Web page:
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Company prosecuted after worker severed three fingers

10 July 2013

A specialist piling and foundation company from Doncaster has been fined after a worker severed three fingers while inserting piles at a Lincolnshire building site.

A 27-year-old man from Doncaster, who does not wish to be named, has been left with a permanent injury as a result of the incident at a social housing development in Martin on 6 February 2012.

He was loading a section of casing to be piled when the rig operator lowered the 500kg weight into his right hand before he could remove it. Three fingers were severed almost to the palm and surgeons were unable to reattach them.

His employer, Optima Foundations Ltd, of Edlington, was prosecuted today (10 July) after an investigation by the Health and Safety Executive (HSE) identified safety failings.

Lincolnshire Magistrates’ Court heard there was no system of signals or verbal instructions that would indicate that the injured person was in a safe position and ready for the weight to be lowered. The system of work was simply that the rig operator would watch him and judge when it was appropriate to lower the weight.

Optima Foundations Ltd of Broomhouse Lane Industrial Estate, Edlington, Doncaster, was fined a total of £15,000 and ordered to pay a further £8,171 in costs after pleading guilty to single breaches of the Health and Safety at Work etc Act 1974 and the Provision and Use of Work Equipment Regulations 1998.

Speaking after the hearing, HSE inspector Martin Giles said:

"There was no safe system of work for the tasks being undertaken by the injured person. Had the weight been properly positioned for the length of tube being inserted, and had there been a recognised and agreed method of communicating that it was safe to receive the weight, then the incident could have avoided completely and he wouldn’t have suffered such life-changing injuries.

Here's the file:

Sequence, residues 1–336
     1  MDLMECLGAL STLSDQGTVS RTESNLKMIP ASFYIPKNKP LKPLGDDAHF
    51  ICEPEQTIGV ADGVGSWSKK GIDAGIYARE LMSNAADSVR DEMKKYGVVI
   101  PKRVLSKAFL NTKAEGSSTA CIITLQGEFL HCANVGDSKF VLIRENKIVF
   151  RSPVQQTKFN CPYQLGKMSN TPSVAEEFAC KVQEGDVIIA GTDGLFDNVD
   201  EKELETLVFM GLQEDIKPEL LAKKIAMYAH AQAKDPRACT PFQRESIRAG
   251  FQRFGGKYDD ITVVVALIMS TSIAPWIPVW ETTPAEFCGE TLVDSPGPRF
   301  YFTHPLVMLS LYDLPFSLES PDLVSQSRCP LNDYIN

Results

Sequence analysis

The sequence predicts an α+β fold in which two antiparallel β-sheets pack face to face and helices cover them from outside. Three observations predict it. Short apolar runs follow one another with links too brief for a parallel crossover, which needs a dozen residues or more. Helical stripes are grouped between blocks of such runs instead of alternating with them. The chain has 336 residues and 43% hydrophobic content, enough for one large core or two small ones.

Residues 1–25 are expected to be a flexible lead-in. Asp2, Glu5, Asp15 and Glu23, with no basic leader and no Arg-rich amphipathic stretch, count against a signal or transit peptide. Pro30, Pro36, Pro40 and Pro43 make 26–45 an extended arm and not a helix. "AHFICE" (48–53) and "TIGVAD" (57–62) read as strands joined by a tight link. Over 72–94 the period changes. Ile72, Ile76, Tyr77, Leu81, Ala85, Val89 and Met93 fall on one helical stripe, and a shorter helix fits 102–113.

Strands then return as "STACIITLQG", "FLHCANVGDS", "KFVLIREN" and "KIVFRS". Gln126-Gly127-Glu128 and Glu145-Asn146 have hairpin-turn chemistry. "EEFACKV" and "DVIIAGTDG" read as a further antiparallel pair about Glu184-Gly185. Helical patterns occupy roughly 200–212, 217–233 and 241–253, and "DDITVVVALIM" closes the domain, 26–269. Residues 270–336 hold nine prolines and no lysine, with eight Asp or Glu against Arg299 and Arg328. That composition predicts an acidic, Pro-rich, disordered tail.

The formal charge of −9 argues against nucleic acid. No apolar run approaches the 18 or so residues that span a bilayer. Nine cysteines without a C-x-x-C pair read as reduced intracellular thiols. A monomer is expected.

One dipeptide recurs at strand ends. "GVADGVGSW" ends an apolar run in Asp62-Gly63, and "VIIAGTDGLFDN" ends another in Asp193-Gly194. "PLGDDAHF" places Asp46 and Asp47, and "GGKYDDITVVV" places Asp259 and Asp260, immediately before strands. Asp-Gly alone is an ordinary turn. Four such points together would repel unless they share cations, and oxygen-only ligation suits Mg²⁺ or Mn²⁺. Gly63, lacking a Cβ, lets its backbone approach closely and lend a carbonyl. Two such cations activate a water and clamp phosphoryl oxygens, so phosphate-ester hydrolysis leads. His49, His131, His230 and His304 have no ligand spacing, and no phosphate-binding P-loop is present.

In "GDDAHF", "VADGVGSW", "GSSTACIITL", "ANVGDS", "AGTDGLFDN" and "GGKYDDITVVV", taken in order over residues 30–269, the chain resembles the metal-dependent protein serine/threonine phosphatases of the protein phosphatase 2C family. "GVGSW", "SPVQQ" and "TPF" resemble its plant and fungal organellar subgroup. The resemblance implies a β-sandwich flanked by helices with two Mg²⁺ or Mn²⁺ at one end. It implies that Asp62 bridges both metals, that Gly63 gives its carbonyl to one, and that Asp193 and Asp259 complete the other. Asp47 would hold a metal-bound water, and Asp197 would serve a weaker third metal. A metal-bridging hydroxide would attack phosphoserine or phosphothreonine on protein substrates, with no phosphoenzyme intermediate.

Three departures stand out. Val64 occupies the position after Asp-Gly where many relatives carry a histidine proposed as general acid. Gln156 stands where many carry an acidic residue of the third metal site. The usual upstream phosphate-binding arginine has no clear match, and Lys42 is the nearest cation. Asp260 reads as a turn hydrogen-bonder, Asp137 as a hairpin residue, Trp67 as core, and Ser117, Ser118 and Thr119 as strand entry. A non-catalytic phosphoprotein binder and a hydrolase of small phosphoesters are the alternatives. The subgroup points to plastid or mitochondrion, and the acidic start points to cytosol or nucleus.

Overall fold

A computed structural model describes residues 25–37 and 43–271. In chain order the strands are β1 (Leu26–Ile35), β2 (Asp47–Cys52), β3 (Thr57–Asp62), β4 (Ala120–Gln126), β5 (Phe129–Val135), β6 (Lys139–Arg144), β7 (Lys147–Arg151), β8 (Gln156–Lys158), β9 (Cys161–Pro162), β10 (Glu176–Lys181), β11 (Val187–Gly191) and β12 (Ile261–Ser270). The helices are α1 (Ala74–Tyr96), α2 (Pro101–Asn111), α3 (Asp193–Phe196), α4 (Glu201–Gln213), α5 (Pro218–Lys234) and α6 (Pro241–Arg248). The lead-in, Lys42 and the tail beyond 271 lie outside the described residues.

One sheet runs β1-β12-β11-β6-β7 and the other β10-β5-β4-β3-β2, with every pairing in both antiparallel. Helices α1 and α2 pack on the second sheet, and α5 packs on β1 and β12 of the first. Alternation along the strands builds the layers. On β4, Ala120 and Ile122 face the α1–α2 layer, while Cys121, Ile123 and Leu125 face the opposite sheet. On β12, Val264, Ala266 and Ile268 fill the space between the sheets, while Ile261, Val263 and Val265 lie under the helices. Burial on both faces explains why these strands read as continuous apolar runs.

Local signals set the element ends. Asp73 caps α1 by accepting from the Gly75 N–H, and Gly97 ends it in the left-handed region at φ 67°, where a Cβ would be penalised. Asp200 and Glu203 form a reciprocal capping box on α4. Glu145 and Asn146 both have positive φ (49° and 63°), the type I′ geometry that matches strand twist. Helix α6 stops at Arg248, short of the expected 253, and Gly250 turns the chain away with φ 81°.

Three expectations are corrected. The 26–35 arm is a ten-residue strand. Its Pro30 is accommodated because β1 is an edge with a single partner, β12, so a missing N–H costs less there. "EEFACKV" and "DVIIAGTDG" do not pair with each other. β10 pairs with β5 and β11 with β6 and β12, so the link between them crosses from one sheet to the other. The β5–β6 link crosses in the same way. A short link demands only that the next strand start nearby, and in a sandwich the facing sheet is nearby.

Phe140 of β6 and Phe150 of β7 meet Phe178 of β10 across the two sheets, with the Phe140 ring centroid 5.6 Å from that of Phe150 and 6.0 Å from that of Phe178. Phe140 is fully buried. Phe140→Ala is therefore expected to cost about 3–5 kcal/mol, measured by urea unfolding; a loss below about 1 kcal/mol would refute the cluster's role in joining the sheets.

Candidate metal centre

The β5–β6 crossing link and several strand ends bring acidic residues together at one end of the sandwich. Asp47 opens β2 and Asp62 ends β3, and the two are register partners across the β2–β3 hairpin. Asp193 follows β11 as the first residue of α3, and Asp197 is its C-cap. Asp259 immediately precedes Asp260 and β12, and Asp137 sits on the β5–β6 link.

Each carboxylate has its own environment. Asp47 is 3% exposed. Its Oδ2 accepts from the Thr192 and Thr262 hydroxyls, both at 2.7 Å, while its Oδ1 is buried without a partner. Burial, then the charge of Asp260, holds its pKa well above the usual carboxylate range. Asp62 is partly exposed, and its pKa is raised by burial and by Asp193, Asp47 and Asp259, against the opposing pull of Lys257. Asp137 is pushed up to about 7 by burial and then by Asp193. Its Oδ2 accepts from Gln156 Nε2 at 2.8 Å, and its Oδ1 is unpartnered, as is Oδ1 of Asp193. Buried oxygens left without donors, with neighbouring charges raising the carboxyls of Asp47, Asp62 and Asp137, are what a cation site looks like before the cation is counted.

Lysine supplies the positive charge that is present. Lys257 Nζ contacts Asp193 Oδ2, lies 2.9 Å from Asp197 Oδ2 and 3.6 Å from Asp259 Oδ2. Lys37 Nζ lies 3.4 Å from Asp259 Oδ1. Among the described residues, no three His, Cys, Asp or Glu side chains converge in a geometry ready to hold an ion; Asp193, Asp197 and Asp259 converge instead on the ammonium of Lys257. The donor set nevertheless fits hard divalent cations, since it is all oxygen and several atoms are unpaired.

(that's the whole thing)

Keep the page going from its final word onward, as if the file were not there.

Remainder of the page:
"Optima Foundations did not provide the injured person and his supervisor with adequate information, instruction and training, and there were defects in the functioning of the controls of the piling machine."

For further information and guidance on working with equipment and machinery, go to

Notes to editors

  1. The Health and Safety Executive is Britain’s national regulator for workplace health and safety. It aims to reduce work-related death, injury and ill health. It does so through research, information and advice; promoting training; new or revised regulations and codes of practice; and working with local authority partners by inspection, investigation and enforcement.
  2. Section 2(1) of the Health and Safety at Work etc Act 1974 states: "It shall be the duty of every employer to ensure, so far as is reasonably practicable, the health, safety and welfare at work of all his employees."
  3. Regulation 10(1) of the Provision and Use of Work Equipment Regulations 1998 requires that: "Every employer shall ensure that an item of work equipment conforms at all times with any essential requirements…"

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